Becoming Trauma Informed

Becoming trauma informed is not about becoming a trauma specialist. Rather it understands the role that each person can play in supporting a person’s recovery, from the first person to greet someone as they enter a building for the first time, the building engineer to the CEO or Executive Director. Everyone has a role to play and can make a difference in creating a culture and climate that promotes safety, trust and compassion. These are the hallmarks of being trauma informed. Remember the smallest acts of kindness and understanding can be the most powerful.

When a human service program or system seeks to become trauma-informed, every part of its organization, management, and service delivery is assessed and modified to ensure a basic understanding of how trauma impacts the life of an individual who is seeking services. Trauma informed organizations and systems are based on an understanding of the particular vulnerabilities and/or triggers that people affected by trauma experience (that traditional service delivery approaches may make worse), so that services can be more supportive, compassionate, effective and avoid re-traumatisation. (SAMHSA)

This knowledge about trauma is not limited to a privileged few within an organization but belongs to everyone. Not everyone within an organization or system may have all the same knowledge and information, some may have more than others, everyone however should have a basic understanding of trauma and the principles of trauma informed care. Remember that the first step towards becoming trauma informed is accepting that trauma is pervasive, assuming that all the people you are helping have experienced a trauma and understanding that trauma is a defining and organizing experience that shapes the core of a person’s identify. The second step is to view trauma as an injury.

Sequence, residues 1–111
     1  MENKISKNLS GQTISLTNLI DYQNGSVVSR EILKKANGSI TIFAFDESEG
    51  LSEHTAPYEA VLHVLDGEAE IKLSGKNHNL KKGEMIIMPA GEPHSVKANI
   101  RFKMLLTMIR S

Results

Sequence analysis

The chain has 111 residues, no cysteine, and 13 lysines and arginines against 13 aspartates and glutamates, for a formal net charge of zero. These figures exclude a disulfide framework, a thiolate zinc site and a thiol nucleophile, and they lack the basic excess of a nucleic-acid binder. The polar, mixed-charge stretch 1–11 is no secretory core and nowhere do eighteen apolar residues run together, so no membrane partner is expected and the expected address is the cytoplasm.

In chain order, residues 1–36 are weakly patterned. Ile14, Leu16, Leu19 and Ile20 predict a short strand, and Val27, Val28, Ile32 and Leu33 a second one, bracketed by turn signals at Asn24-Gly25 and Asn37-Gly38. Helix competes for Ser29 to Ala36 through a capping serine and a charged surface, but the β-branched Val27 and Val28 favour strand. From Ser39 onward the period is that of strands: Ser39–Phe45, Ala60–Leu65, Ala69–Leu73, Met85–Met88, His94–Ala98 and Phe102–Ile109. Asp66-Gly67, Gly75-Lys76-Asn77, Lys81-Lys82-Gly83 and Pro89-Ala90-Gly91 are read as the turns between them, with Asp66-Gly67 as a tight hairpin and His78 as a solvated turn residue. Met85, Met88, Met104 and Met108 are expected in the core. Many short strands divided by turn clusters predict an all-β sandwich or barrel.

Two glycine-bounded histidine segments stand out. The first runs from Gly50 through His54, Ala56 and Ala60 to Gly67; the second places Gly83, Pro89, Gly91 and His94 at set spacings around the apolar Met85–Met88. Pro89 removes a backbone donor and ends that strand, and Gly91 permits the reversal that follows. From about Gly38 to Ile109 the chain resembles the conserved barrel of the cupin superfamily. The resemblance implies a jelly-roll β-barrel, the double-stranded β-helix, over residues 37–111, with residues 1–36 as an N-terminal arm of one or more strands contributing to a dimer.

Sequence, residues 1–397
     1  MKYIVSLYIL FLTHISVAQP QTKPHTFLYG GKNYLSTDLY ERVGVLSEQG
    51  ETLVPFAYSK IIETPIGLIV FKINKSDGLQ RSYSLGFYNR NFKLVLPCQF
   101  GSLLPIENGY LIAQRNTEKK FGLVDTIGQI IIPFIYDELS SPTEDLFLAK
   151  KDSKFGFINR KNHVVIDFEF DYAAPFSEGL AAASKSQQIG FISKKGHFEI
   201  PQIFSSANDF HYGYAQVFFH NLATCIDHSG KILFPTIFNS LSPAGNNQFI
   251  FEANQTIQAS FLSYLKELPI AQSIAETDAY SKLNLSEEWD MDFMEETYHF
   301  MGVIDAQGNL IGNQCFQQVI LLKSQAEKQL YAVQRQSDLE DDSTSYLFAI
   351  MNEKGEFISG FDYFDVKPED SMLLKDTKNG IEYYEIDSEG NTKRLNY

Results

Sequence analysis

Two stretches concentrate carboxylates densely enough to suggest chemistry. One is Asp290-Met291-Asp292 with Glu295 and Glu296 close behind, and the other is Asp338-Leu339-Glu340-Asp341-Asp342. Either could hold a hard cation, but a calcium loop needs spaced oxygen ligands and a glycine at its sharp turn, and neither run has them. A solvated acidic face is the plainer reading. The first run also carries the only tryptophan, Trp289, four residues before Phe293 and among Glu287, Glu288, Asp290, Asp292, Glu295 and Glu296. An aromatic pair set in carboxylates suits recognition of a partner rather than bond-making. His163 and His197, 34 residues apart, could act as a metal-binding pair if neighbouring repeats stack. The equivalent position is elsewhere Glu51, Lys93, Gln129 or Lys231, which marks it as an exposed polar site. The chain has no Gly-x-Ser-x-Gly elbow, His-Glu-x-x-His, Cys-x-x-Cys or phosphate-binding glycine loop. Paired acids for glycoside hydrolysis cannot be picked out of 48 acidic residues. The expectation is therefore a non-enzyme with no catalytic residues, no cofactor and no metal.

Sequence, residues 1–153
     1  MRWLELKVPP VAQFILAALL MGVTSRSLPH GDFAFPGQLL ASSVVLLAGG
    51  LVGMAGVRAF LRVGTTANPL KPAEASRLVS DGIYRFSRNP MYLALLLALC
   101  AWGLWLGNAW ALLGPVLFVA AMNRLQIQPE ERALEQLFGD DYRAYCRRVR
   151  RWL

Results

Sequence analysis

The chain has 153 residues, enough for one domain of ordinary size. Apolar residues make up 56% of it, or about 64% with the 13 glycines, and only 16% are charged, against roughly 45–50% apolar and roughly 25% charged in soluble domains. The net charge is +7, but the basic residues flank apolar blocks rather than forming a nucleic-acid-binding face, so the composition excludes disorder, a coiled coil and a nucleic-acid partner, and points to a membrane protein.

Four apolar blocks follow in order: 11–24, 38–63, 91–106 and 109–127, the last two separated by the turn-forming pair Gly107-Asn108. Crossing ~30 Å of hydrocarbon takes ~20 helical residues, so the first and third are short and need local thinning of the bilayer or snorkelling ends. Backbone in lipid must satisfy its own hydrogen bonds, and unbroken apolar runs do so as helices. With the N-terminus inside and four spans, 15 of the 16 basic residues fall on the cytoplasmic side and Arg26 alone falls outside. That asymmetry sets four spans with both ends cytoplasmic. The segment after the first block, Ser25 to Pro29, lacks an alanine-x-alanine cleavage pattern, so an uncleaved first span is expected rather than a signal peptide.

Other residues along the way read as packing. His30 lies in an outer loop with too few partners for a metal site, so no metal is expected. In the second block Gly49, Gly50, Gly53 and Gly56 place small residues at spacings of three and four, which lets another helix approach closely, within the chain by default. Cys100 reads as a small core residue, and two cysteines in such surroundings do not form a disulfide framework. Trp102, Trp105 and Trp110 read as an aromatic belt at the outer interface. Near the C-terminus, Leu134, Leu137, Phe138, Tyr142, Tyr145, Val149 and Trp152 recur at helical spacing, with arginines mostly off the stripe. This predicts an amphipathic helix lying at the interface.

Trauma is viewed as an injury and not an illness, sickness, weakness or character flaw. This shifts the focus from asking people “What is wrong with you” to “What has happened to you”.

A trauma-informed approach is designed to avoid re-traumatizing those who seek assistance, to focus on “safety first” and a commitment to “do no harm,” and to facilitate participation and meaningful involvement of consumers and families, and people affected by trauma in the planning of services and programs. (Harris and Fallot, 2001). Trauma Informed organizations have adopted the credo “Above all else, do no harm”.

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